Obamacare is becoming a huge headache for the Republican Party.
Conservative advocacy groups are rallying behind House legislation backed by 43 Republicans
to threaten a government shutdown unless Obamacare is defunded, undercutting GOP leaders' efforts to lock in low spending levels
by goading the party into a self-defeating confrontation.
Within 24 hours of its Thursday release, Sen. Mike Lee (R-UT) threw his support behind the bill, as did the well-funded groups Club For Growth, FreedomWorks and Heritage Action.
"The Club for Growth strongly supports the legislation offered by Congressman Tom Graves to save America from Obamacare," said Chris Chocola, the group's president, boasting that "momentum is building" to stop the health care reform law.
House GOP leaders, who have few votes to spare, are determined to pass their proposal
to continue spending at sequestration levels and force a Senate vote to defund Obamacare without risking a shutdown. House leadership is open to tweaking the specifics but they want to achieve three goals: continue the sequester, give Senate Republicans a chance to fight Obamacare and maintain leverage against the health care going into the debt limit fight. The 43 Republicans behind the Graves bill haven't implicitly committed to opposing leaders' version.
"House Republicans have been fighting Obamacare for three years and we've achieved several victories. We're happy that Senators Cruz and Lee
are joining us in this fight, and we want to give them the opportunity to fight it," said a senior House GOP aide. "And we're happy that these groups have finally recognized that a delay strategy is smarter than a defund strategy. Now we hope they can help us strategically get that victory as opposed to squandering it."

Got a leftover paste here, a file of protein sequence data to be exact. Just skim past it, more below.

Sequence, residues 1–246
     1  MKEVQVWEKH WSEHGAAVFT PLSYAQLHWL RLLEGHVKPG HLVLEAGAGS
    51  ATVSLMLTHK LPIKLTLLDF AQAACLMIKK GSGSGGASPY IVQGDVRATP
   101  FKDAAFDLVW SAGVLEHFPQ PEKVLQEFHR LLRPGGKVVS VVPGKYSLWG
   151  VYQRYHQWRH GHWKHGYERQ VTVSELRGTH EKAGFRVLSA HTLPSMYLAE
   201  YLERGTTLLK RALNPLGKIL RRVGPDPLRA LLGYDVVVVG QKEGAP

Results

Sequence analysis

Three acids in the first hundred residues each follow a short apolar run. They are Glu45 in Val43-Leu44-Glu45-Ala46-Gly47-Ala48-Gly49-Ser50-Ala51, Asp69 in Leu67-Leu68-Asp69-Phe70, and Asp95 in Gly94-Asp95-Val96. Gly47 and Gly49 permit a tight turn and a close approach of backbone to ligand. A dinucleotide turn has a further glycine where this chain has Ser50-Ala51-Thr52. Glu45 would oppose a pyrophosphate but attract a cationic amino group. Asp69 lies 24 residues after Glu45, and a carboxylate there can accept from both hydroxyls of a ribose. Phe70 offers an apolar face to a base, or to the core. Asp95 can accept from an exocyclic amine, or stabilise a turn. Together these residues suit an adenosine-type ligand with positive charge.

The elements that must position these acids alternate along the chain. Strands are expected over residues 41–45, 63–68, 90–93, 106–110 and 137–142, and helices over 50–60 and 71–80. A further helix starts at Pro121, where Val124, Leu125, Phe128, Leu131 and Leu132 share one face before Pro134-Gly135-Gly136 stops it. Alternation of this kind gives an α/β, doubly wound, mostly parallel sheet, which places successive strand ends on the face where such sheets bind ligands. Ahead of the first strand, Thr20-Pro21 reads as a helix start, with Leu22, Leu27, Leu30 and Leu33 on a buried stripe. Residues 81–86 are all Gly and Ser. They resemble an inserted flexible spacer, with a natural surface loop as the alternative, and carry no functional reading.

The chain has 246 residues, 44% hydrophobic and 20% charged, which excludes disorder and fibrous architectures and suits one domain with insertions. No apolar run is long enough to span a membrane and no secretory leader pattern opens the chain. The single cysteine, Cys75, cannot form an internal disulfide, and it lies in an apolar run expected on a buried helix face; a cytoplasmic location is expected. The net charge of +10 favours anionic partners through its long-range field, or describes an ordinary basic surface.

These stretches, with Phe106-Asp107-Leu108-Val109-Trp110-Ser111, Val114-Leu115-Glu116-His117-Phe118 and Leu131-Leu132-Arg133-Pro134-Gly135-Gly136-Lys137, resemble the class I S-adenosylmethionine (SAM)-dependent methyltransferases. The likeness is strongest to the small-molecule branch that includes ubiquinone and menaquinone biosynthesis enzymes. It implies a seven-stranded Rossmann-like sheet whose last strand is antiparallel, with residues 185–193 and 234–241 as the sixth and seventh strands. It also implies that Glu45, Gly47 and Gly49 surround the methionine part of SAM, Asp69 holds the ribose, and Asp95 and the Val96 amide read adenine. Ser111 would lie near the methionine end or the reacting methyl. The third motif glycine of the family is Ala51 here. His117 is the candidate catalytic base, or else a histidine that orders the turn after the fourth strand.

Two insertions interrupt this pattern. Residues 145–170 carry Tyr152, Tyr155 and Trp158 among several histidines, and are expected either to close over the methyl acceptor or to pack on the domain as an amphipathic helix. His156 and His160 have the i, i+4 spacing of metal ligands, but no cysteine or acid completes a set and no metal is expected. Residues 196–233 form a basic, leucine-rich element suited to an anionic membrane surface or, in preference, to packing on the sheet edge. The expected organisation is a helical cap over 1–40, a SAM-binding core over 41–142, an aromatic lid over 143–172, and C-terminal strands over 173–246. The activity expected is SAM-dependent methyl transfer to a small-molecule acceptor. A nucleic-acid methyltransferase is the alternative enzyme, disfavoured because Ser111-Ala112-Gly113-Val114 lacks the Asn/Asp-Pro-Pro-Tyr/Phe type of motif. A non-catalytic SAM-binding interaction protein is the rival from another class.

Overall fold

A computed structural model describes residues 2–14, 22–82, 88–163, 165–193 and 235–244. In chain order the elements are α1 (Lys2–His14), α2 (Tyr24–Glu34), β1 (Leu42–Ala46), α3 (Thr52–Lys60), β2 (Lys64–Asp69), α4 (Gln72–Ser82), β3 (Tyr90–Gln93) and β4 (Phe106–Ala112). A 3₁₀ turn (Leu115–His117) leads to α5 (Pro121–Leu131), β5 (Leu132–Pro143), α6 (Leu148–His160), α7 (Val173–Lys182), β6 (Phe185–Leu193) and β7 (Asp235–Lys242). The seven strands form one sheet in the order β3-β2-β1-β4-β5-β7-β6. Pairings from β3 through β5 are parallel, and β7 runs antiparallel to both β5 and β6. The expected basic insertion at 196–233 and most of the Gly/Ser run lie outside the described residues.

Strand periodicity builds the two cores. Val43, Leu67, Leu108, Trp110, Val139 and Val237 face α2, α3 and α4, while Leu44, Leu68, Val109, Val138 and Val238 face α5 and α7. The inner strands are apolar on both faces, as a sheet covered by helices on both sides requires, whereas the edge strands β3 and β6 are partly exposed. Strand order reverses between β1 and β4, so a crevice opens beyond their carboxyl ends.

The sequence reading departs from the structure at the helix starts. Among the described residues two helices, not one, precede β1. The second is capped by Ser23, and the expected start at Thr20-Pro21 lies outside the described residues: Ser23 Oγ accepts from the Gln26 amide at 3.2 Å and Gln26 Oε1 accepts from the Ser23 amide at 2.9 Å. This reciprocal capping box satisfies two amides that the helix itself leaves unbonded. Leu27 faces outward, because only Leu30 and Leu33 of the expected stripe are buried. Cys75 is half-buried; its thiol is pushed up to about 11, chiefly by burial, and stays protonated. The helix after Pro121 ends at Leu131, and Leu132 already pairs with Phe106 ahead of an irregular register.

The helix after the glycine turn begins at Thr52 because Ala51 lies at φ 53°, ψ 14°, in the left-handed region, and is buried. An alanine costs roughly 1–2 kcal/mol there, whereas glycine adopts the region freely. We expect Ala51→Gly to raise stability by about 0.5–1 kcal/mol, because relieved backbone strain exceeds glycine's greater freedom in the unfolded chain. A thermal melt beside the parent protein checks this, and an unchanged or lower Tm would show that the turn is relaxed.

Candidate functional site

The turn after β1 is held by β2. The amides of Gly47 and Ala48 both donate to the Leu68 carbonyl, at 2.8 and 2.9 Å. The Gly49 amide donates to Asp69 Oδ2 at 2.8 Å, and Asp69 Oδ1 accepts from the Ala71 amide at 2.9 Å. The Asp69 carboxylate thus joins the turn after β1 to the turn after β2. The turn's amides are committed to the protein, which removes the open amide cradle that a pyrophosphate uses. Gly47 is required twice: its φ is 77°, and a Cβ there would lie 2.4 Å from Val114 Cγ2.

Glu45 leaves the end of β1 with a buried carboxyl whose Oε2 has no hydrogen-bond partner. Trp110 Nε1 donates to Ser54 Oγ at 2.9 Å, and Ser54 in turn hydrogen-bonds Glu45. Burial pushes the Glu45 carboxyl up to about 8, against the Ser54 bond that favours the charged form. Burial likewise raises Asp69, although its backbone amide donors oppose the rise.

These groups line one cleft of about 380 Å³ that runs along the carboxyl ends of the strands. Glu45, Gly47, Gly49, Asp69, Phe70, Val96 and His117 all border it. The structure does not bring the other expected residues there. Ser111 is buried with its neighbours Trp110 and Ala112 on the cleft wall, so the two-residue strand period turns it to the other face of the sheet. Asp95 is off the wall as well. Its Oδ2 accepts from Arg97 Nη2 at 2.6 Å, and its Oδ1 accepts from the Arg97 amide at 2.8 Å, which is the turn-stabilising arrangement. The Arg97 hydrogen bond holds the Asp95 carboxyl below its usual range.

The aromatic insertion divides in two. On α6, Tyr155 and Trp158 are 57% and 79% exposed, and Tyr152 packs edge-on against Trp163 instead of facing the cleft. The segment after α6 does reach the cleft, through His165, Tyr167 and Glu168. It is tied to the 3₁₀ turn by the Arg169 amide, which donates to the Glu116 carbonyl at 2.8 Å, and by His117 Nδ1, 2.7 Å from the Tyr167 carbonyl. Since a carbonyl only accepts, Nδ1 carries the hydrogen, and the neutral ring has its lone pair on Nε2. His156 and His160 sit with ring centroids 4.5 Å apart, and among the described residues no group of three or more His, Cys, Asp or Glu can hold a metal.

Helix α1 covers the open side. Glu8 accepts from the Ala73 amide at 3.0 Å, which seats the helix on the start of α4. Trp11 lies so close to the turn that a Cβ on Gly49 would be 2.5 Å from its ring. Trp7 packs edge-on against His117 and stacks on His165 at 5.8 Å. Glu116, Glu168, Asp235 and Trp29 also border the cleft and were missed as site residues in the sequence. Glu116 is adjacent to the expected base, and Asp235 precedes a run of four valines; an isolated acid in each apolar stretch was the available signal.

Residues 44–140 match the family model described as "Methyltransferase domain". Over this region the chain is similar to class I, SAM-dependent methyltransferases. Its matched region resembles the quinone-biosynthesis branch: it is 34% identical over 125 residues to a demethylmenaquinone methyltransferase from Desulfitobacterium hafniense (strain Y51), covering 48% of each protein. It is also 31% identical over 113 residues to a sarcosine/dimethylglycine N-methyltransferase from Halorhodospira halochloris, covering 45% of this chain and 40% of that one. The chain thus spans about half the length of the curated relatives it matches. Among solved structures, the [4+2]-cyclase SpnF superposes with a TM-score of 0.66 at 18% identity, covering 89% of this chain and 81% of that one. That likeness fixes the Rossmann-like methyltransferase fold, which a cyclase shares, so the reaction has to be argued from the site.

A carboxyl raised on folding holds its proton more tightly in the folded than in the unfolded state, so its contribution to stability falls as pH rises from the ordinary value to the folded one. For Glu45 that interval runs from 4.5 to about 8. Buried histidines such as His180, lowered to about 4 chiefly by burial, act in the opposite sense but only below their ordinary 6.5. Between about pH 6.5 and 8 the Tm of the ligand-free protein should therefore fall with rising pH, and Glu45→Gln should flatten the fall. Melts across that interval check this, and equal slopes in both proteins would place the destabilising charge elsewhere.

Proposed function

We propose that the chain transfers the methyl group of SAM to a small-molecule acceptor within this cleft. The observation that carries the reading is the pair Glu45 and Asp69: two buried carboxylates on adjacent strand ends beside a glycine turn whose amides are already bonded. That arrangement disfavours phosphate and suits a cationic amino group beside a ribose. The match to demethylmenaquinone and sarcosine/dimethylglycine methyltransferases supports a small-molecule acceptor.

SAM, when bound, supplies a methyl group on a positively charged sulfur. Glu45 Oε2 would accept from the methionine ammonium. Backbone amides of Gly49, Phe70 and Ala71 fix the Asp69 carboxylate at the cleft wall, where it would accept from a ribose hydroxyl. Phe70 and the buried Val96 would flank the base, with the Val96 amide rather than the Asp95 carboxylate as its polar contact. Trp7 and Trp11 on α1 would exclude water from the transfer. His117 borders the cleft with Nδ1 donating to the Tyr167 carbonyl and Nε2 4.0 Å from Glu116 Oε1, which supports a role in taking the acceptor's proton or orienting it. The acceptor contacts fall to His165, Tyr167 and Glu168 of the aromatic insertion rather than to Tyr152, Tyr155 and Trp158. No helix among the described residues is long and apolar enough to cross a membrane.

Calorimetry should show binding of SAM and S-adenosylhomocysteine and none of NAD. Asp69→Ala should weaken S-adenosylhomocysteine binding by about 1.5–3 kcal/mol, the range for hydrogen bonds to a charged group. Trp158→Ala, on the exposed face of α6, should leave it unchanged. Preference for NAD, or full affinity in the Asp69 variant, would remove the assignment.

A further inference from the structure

Conservatives, meanwhile, are undercutting -- and infuriating -- Republican leaders who want to be pragmatic about what they can achieve in the continuing resolution. Democrats, they recognize, are vulnerable on spending levels but won't cave
on Obamacare. As a result, if the hard right's desires get in the way of reaffirming sequestration cuts (even temporarily), the GOP may lose on all fronts. Veteran Republicans realize the party out of power will be blamed if the government shuts down, and their negotiating hand weakened over how much it should spend upon re-opening.
The conservative opposition to Obamacare has become unappeasable and it's tearing the GOP apart. The base is anxious to make a stand now because implementation of the law is set to accelerate on Oct. 1 and its major components poised to take effect on Jan. 1. Advocates privately gloat about their chances of sticking it to GOP leaders as they mobilize in favor of a standoff. Stare down President Barack Obama until he blinks on his own signature achievement, they demand of the GOP, even if it means shutting down the government. But Republican leaders aren't optimistic that he'll blink, and worry that initiating this battle could damage their already weak brand and threaten their otherwise secure House majority.
The House GOP leadership proposal entails a two-pronged bill to fund the government until Dec. 15 at sequestration levels and force the Senate to vote on defunding Obamacare. The Senate can reject the Obamacare component, as is expected, and send the rest of the continuing resolution straight to the president's desk.
Republican leaders tentatively plan on bringing up a stopgap measure next week, and aides maintain an air of confidence about success. They face a tough road to securing the votes for just about any bill to keep the government open. Will they succeed?
"That remains to be seen," said a House GOP leadership aide.